Over the weekend, me and my family braved the crowds at TriNoma so that our little boy (there really is a little boy! I’m not making this up!) could see the circus (not making that up either).
I love circus acts. Not just because they’ve grown substantially more attractive and less freakish over the decades. I love that circus performers today are actually trained professionals now and not just mutants who can do crazy tricks with ping pong balls. For a time, I wanted to join the circus and one of the things on my “things to try before I die” list is to perform a catch on a trapeze. Maybe I can even kill myself in the process and die really, really happy.
But it got a little boring while we were watching a tiny gymnast stick her face between her thighs for the nth time while balancing on two oversized golf tees. After the crowds had dissolved and the music faded out, I remembered very little of what I saw. There isn’t much that differentiates one circus act from the next. In every circus there are jointless bodies, and people with superhuman coordination whether the circus was flown in from Canada or North Korea; the limits of what a body is capable of hardly changes from one culture to the next. A circus freak (juggler, trapeze artist, stilt guy, wheel guy, rope guy) is a circus freak regardless of where he or she is from. If the only actual requirement is a functioning body, maybe we could have all been circus freaks.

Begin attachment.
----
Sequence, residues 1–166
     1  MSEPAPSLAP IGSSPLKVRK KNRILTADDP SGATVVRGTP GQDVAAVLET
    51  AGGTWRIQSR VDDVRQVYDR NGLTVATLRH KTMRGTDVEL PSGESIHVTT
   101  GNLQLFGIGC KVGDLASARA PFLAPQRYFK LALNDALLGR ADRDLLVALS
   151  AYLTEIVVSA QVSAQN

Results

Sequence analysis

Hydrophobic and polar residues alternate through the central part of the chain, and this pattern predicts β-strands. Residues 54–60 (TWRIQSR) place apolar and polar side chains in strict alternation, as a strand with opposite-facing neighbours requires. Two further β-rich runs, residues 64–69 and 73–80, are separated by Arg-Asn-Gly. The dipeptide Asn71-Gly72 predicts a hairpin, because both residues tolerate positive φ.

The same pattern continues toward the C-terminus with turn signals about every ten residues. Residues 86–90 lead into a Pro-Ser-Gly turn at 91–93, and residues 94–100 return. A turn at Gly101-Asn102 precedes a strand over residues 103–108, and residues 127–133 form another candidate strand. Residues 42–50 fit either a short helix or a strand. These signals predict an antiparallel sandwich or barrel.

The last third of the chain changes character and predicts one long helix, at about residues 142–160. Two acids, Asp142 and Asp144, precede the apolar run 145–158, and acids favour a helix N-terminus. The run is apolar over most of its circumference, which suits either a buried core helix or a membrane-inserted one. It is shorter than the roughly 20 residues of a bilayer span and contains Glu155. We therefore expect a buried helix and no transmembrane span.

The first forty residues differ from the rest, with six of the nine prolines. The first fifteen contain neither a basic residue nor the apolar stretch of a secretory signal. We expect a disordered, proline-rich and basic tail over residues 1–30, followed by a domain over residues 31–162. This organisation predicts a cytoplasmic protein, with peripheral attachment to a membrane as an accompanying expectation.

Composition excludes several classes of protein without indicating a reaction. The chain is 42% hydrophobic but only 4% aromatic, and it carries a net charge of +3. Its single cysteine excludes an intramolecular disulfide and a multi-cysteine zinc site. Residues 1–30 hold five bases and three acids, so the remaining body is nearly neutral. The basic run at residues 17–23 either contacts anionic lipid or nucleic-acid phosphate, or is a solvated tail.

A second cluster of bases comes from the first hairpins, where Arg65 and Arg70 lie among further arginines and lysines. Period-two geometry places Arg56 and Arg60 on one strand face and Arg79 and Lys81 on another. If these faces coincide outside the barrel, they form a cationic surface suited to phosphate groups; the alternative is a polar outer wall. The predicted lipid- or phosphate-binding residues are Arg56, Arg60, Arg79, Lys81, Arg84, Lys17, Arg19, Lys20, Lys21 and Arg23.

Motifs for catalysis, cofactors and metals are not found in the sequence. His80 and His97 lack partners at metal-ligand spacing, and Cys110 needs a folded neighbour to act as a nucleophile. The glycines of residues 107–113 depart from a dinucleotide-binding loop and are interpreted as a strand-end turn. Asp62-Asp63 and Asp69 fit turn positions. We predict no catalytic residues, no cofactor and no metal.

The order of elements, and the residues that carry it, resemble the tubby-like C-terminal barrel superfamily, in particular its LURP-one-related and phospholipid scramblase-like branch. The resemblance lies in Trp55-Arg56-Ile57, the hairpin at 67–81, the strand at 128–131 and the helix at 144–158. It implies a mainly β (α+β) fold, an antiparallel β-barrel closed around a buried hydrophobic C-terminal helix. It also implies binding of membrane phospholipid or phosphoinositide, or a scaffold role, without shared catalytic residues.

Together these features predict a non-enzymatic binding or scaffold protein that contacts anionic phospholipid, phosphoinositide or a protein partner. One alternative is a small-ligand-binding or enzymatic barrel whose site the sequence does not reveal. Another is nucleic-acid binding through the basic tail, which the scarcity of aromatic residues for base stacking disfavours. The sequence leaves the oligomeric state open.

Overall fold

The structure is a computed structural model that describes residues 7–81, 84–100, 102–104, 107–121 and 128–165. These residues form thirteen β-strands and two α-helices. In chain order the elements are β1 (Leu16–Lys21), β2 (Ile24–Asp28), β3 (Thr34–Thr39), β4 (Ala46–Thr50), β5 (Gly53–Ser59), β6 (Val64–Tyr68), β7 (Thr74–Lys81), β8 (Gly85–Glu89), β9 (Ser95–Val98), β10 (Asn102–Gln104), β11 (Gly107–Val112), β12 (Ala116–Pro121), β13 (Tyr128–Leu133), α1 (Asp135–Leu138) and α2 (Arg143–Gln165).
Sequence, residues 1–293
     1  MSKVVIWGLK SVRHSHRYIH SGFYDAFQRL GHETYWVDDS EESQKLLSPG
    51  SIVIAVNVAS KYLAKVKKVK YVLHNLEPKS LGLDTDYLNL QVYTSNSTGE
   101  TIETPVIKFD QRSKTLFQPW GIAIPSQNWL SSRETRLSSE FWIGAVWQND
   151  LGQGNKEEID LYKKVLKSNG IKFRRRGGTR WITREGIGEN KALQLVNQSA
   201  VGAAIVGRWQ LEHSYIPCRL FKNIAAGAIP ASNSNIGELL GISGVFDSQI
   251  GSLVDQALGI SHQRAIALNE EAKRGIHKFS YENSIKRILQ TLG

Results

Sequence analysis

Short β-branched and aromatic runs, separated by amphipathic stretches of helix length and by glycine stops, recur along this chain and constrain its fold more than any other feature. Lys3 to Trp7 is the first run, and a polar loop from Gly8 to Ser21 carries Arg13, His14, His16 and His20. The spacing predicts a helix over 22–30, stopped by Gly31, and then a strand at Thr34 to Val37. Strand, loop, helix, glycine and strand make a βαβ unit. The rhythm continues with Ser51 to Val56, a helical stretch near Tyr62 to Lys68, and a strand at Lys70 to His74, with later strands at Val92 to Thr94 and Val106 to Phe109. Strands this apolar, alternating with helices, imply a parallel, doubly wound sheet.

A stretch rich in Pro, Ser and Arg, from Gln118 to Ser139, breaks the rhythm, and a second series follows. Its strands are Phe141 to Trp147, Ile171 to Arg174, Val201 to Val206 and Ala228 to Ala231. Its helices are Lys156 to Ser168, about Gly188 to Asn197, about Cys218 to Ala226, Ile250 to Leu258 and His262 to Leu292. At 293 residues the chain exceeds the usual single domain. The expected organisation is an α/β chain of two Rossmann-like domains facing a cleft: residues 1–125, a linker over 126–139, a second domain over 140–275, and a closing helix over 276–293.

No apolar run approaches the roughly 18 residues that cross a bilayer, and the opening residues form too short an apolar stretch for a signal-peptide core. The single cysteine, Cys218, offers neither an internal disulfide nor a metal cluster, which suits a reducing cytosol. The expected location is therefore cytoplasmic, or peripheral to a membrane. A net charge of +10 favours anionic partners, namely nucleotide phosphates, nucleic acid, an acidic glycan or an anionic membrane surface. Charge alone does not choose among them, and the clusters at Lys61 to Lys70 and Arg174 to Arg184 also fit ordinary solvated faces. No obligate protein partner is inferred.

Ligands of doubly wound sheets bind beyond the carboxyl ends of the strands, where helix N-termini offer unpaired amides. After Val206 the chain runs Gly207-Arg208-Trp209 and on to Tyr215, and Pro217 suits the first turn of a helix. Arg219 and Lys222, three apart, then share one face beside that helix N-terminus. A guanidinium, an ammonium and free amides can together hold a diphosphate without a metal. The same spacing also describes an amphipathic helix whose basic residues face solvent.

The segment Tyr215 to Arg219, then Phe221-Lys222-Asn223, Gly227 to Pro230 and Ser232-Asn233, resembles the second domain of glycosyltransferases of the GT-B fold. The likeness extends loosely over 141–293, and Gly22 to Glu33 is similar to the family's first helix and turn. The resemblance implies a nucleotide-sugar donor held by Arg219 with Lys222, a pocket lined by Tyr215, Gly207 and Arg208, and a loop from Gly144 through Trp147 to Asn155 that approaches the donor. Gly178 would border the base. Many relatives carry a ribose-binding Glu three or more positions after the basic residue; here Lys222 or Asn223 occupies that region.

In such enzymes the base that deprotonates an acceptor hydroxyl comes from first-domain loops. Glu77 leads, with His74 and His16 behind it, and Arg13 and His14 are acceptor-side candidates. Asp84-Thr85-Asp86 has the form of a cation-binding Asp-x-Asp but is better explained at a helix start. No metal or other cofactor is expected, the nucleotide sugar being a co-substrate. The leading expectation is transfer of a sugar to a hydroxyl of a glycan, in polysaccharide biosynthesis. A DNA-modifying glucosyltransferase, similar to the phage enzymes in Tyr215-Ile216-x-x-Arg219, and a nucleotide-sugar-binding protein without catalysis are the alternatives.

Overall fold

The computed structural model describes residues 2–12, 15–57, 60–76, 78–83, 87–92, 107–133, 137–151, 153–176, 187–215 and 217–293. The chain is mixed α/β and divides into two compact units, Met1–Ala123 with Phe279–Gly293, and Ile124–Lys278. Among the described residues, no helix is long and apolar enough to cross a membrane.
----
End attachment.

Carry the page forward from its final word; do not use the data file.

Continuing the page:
But I grew up with this shiteous notion that my body was simply a mode of transport for my head and hands. I loathed PE, never learned any sports in grade school or high school, and basically dreaded anything that entailed moving any farther than the distance from my bedroom to the kitchen. That is until I hit high school and came up with the brilliant idea to take up dance after seeing a few Tanz theater performances and thinking, “hey that looks cool, where do I sign up, nuninoo.”
Yet the idea of investing in my body almost always took a backseat to the other investment, which was my head, even if it meant getting fat, pimply, and cynical. Because of that, it took me a really long time and three companies to figure out that movement isn’t about performance or even self-expression; and even if it’s the last art form I came to familiarize myself with, it’s the one from which I learned that it’s not about how you look, or how eloquently you can convey what you mean in what you just expressed; but the moment of actualization that comes with the process of creation, when a layer of the facade peels away to reveal the self that lurks beneath.
John Banville said it better when he defined art not as self-expression but as a “sudden access of self-awareness.” That’s why it’s too simplistic to say that dancers are simply instrumental in revealing what a choreographer is trying to say, because in the end its the ensemble of different bodies pushed to their limits and coming together in a unified piece that bring out the artistry in a dance.
I finished a whole jar of Jif peanut butter. That stuff on the left: It was yummy!